Australia’s second largest supermarket chain, Coles , is being taken to court by the country’s competition watchdog, which alleges Coles’ treatment of suppliers represents “unconscionable conduct in contravention of the Australian Consumer Law”.

The Australian Competition and Consumer Commission said yesterday (16 October) that it has initiated proceedings in the Federal Court of Australia against Wesfarmers-owned Coles.

“This is a matter of significant public interest involving allegations of unconscionable conduct by a large national company in its dealings with small business suppliers in the highly concentrated supermarket industry,” ACCC Chairman Rod Sims said.

“The ACCC alleges that Coles took advantage of its superior bargaining position by demanding money from suppliers that it was not lawfully entitled to, and was, in all the circumstances, unconscionable.”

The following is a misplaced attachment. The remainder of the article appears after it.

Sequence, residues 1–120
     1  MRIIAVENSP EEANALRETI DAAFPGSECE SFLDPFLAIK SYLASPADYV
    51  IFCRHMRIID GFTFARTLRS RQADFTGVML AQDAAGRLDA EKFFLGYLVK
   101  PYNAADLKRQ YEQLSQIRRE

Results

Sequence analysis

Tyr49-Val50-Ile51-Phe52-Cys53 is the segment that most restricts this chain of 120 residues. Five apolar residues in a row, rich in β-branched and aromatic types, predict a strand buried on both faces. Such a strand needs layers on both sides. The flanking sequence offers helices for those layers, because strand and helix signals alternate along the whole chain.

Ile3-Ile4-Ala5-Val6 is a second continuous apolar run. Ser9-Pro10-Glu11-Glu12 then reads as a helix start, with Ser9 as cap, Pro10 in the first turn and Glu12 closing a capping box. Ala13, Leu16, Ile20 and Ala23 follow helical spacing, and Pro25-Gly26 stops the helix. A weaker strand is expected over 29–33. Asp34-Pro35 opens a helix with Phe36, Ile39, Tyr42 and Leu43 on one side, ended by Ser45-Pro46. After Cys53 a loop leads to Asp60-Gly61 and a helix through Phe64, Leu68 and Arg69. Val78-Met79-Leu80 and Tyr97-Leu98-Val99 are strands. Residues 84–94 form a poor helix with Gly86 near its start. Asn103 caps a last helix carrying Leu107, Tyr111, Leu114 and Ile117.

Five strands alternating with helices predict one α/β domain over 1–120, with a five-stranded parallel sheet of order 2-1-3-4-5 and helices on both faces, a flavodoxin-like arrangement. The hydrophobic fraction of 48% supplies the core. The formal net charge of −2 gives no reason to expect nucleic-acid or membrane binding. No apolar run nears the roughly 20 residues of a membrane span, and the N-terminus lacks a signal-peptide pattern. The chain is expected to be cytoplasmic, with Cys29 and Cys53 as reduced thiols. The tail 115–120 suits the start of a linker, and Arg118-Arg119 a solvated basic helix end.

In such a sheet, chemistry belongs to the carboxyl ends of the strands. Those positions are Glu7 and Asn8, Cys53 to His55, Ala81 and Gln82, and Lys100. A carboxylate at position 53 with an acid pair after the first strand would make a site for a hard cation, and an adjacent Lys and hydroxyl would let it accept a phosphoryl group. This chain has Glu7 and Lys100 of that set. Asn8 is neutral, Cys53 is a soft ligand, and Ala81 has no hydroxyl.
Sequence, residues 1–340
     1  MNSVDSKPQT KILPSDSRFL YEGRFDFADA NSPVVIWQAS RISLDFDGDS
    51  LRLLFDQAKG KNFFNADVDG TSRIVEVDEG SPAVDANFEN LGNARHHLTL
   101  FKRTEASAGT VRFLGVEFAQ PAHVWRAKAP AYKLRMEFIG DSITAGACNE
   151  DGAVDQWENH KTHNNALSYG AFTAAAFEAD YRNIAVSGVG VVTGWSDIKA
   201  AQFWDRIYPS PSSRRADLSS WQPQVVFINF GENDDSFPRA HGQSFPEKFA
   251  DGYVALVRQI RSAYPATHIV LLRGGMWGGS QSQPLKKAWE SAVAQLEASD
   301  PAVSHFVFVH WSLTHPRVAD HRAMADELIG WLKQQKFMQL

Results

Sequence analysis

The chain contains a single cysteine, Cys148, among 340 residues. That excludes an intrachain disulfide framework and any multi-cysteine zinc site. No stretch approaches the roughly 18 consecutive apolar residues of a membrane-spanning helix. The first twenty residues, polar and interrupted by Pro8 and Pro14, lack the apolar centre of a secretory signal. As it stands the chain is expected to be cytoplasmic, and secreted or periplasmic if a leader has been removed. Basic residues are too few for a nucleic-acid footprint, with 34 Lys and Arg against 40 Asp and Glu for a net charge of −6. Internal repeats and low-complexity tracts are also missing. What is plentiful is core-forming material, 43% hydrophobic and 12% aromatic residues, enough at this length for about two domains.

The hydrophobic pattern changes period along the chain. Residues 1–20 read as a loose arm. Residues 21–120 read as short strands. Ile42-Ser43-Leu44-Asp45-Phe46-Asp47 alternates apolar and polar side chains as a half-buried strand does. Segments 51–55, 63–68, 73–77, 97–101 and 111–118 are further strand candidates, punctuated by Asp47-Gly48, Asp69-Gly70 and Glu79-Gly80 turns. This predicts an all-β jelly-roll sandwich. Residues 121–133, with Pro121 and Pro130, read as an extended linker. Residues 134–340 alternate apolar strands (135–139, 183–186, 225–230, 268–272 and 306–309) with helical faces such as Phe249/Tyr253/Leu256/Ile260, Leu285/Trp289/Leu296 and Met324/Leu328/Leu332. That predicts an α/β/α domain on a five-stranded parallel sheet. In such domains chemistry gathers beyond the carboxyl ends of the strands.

Sims said that Coles’ dealings with its suppliers were “contrary” to the “prevailing business and social values which underpin business standards”.

In a separate case launched in May, the ACCC took issue with Coles’ active retail collaboration (ARC) programme.

This latest action focuses on the “day-to-day” interactions between Coles and suppliers. The ACCC alleges that in 2011 Coles asked suppliers to pay for “profit gaps” – the difference between the level of profit Coles targeted and achieved; required suppliers to pay for “waste” and markdowns; imposed fines and penalties for late deliveries; and pressured suppliers for other forms of payment.

The ACCC is seeking pecuniary penalties, declarations, injunctions and costs.